However, the authors did not associate the physical and chemical properties of the peptides with their potential biological function.
This review is dedicated to studying the inter-relation of the biological function of peptides and their ability to regulate the expression of genes by means of their binding to the DNA. There are very few studies in this area as compared, for example, to the considerable data available on the DNA methylation and/or histone acetylation, peptide binding with transcription factors, etc. [27]. However, studies of the patterns of DNA–peptide interactions identified in vitro help to characterize the specificity of action of short peptides. Furthermore, investigation of such a mechanism of peptide action may become the basis for the development of drugs for various disease treatments. Consequently, the objective of this review is to provide an overview of the information available on the role of DNA–peptide interactions within the regulation of gene expression, protein synthesis, and physiological functions.

2. Biological Effects of Peptides

Modern ideas about peptide compounds indicate that peptides obtained in a number of different ways (hydrolysis, extraction, and/or synthesis) have a wide range of biological effects: immunomodulatory, neuroprotective, antimicrobial, antiviral, anticarcinogenic, etc.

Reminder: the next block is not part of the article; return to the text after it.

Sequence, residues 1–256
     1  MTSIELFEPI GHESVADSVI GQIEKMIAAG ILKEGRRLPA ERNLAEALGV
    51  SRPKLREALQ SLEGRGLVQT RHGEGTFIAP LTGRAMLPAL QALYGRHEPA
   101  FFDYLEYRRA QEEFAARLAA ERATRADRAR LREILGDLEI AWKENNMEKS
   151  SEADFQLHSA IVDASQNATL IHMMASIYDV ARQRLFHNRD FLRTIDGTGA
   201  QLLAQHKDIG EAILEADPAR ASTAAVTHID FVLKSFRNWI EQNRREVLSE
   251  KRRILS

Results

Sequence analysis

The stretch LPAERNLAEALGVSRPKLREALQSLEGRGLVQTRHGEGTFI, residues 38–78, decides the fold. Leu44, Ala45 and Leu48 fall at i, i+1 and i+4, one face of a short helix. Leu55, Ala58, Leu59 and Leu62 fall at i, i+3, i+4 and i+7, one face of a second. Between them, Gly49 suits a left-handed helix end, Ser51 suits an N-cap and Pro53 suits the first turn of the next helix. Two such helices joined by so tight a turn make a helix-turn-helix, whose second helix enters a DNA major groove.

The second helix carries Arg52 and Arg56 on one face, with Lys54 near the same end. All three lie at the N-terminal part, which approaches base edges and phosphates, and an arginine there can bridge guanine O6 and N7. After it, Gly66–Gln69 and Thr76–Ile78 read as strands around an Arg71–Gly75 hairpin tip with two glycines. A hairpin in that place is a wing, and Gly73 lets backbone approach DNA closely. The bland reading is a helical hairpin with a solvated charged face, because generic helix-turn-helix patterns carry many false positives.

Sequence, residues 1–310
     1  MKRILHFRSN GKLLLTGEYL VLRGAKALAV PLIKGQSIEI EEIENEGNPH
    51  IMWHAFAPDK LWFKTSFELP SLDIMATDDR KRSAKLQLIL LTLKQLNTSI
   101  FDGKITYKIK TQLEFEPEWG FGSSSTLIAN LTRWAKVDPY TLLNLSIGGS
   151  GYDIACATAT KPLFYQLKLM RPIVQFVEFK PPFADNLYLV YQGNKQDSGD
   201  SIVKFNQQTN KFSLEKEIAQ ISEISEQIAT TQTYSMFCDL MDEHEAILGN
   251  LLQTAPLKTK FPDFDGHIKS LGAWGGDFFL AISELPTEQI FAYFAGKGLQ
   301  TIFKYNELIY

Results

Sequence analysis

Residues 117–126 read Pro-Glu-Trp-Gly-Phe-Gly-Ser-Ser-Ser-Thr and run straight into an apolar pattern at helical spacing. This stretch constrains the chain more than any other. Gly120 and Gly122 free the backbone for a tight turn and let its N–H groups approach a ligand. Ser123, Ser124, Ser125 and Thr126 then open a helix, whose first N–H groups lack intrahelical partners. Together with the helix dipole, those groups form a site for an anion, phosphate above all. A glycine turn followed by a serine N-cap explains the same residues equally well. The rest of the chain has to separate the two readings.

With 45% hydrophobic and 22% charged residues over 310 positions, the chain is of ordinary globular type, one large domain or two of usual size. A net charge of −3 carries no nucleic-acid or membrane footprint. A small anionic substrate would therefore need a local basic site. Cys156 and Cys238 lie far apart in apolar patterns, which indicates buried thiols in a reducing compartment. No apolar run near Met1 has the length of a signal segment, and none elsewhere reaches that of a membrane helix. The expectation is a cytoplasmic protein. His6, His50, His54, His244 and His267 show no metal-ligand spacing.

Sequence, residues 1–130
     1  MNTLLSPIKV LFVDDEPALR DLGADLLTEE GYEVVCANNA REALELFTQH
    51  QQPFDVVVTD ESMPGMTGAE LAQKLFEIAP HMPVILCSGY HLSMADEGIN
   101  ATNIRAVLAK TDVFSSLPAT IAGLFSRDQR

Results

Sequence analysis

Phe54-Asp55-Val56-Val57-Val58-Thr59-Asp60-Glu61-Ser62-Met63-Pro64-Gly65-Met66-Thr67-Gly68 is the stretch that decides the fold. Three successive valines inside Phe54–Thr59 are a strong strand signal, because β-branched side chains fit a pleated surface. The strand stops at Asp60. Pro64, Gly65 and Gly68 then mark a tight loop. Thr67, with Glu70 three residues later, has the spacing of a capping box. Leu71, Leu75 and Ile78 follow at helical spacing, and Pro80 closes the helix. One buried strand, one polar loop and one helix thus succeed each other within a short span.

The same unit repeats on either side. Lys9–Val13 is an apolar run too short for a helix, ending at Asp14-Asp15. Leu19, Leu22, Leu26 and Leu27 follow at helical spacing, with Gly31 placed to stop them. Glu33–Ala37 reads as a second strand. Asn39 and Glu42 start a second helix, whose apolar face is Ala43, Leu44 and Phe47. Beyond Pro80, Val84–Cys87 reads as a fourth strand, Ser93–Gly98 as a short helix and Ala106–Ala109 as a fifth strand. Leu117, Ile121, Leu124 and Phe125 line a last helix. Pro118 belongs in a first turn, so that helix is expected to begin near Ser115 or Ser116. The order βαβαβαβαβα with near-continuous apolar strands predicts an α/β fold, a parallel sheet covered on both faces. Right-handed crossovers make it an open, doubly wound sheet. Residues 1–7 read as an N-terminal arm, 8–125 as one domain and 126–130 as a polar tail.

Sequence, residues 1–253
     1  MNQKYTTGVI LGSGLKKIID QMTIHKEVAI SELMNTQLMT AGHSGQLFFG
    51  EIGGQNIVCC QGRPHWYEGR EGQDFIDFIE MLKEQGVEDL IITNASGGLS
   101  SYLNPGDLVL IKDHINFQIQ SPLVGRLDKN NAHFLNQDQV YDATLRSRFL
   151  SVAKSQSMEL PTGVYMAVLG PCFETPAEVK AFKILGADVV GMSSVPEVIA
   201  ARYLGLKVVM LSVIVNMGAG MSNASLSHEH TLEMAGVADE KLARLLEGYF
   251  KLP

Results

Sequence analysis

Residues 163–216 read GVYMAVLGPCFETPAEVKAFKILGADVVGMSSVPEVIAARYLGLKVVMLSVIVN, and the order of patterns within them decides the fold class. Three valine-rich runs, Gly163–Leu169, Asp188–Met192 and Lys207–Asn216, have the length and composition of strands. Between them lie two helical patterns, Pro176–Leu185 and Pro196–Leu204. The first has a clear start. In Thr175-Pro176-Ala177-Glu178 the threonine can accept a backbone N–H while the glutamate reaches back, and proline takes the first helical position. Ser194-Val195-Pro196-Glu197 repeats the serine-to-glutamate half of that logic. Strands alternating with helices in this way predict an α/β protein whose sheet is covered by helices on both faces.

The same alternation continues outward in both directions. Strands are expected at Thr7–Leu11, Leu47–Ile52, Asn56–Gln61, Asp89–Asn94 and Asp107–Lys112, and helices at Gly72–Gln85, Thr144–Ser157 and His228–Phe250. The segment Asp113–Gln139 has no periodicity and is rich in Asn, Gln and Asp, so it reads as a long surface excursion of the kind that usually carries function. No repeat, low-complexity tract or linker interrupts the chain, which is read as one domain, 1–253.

There are several comprehensive reviews on marine-derived peptides. Their authors describe the antihypertensive, antioxidant, antimicrobial, neuroprotective, and geroprotective properties of these peptides in detail, but they also emphasize the difficulties they faced in extraction and purification of marine-derived peptides, which consequently may serve as an obstacle for drug design [6,7,28,29].
Maestri et al., in their meta-analysis, provided an extensive overview of the contributions related to 807 biologically active peptides from food products of animal origin (milk, meat, eggs, and seafood). It is significant that the authors succeeded in correlating peptide structure with activity (antihypertensive, antioxidant, immunomodulatory, antimicrobial, hypolipidemic, antithrombotic, and opioid) and stability in vivo [30]. It should be stressed, however, that present-day ideas on the biological activity of peptides also include neuroprotective and other effects that were not described therein.
A wide range of the biological activities of extracts obtained from cattle organs, as well as of some synthetic peptides, have been studied [8]. It was demonstrated that peptide extracts isolated from the tissues of various organs have pronounced geroprotective, anticarcinogenic, immunomodulatory, and neuroprotective properties, including the ability to regulate the functions of the endocrine system [14,31]. When studying their composition, the main components of the extracts were identified as di- and tetra-peptides, both having similar biological effects [8].
Thus, many years of studying the biological characteristics of peptides have made it possible to draw conclusions about the ability of such compounds to regulate physiological processes in both normal and pathological conditions.

3. Peptide Regulation of Gene Expression and Protein Synthesis